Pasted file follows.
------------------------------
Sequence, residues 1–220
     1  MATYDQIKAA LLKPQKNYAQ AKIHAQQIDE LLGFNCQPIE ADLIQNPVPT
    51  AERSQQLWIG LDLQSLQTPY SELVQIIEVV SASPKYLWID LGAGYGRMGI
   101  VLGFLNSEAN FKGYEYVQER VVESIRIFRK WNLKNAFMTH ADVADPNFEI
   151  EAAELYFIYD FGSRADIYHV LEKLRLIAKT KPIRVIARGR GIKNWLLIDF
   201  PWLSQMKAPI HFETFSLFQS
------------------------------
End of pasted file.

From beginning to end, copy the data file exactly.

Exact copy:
Sequence, residues 1–220
     1  MATYDQIKAA LLKPQKNYAQ AKIHAQQIDE LLGFNCQPIE ADLIQNPVPT
    51  AERSQQLWIG LDLQSLQTPY SELVQIIEVV SASPKYLWID LGAGYGRMGI
   101  VLGFLNSEAN FKGYEYVQER VVESIRIFRK WNLKNAFMTH ADVADPNFEI
   151  EAAELYFIYD FGSRADIYHV LEKLRLIAKT KPIRVIARGR GIKNWLLIDF
   201  PWLSQMKAPI HFETFSLFQS